Once you have clarified your controlling idea, go through your notes again to cross out the points that do not help to support your controlling idea. Have you missed out anything important?
Try to collect similar ideas into broader headings. You will have an easier time organizing your essay if you can get your ideas into two to four main groups. If you have more than 4 groups, you probably need to further limit your topic or controlling idea.
STEP FOUR: Write an outline.
Making an outline will help you organize your thoughts and allow you to see graphically if you have included all the key points from step three (above).
Check again to see if the ideas make sense and that they flow in a logical order. Your outline should contain the following elements:
The controlling idea for the essay. This is your overall opinion of the topic. For example, if the topic is your home, and you think it's wonderful, your controlling idea/thesis statement could be: "I have a wonderful home" or "I love my home."
Two to four main ideas that support your controlling idea.Continuing with our "home" example above, the main reasons for thinking that your home is wonderful might be its comfort, convenient location and affordability.
Supporting details that illustrate or explain each of your main ideas. Calming colours, comfy couches, easy access to facilities and work, and low rent might be some details you could use to support our earlier main ideas.
A conclusion that restates your controlling idea.
STEP FIVE: Write your essay answer.
Your outline gives you a "skeleton" that just needs to be fleshed out. In the American school essay, a long introduction is neither required nor recommended. Get to the point. Do not drag out the introduction with a lot of background information.
Start with the thesis statement containing your controlling idea for the essay. Each new body paragraph should start with a topic sentence containing the single main idea for the paragraph.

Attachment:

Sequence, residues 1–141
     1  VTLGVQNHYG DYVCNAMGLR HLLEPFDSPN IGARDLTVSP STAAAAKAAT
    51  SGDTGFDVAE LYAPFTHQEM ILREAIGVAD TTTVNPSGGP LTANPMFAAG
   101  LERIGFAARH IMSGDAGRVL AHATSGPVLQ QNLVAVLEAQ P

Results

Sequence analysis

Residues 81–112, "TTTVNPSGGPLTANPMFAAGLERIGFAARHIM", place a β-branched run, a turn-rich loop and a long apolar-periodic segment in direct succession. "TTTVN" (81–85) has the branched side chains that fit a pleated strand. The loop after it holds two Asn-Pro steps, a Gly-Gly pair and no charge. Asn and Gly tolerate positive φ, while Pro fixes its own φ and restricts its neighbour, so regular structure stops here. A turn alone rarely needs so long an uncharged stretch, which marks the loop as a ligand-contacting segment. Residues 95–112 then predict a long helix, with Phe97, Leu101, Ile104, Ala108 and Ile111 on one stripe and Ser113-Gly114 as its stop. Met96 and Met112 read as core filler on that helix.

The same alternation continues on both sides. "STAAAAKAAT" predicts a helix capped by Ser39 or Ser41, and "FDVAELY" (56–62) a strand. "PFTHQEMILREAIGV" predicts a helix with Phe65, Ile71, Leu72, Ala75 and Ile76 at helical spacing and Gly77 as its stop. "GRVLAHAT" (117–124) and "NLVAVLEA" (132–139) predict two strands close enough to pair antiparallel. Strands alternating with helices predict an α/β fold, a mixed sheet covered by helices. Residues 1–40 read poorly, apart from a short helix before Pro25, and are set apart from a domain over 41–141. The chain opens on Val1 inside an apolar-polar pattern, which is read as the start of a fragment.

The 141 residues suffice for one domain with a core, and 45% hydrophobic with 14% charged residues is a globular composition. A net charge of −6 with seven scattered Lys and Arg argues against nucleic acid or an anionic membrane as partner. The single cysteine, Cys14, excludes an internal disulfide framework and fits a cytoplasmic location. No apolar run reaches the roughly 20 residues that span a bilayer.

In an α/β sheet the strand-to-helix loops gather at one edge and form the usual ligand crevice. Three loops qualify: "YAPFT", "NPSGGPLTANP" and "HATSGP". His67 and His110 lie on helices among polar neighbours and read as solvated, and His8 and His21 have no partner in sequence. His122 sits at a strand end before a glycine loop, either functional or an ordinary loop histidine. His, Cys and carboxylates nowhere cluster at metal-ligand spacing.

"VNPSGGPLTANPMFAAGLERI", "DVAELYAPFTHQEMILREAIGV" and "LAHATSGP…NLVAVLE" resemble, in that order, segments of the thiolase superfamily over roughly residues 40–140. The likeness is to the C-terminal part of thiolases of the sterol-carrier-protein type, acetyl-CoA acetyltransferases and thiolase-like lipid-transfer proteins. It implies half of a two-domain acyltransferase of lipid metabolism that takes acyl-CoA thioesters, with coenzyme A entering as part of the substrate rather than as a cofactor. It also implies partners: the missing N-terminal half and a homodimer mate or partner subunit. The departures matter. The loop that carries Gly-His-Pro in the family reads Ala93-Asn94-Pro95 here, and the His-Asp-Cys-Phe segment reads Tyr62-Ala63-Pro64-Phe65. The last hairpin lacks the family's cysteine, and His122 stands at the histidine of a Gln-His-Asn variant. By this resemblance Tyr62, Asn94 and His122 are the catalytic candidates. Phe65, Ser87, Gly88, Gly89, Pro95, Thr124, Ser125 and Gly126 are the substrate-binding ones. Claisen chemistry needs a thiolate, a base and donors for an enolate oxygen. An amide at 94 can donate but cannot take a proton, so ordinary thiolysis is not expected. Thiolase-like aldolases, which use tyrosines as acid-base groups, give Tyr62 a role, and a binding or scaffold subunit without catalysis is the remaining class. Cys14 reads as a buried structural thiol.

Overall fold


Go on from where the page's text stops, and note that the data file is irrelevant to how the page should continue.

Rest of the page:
Support your main idea with relevant details and write a concluding sentence for the longer paragraphs to restate your main idea. Keep on track by following your notes/outline.
Finally, you need to proofread and edit your essay for grammar, appropriate vocabulary usage, sentence variety, and flow.
Make sure that the average reader will be able to follow what you are trying to say. Foreign idioms often do not translate easily, and cultural events that you take for granted might need to be expanded upon for the general reader.
If you have carefully followed the five steps outlined above, you should end up with a well-organized, properly structured essay. Combined with a final edit for grammar and vocabulary usage, you should easily and comfortably pass your essay test. Trust me.
Key word information adapted from: Ellis, D (1995) Becoming a master student (Canadian Edition). Boston: Houghton Mifflin. Gardner, J. et al. (1995). Your first-year experience: Success strategies for Canadian students. Toronto: Nelson.
If you need more essay writing help, check out the sites below:
to Writing a Basic Essay
This site provides more detailed information about the process of writing an essay.
for Essay Tests
The site above provides a good checklist of what to look for when proofreading an essay.
(March 10, 2002)
(Includes all 2002 to date Weekly Features with descriptions)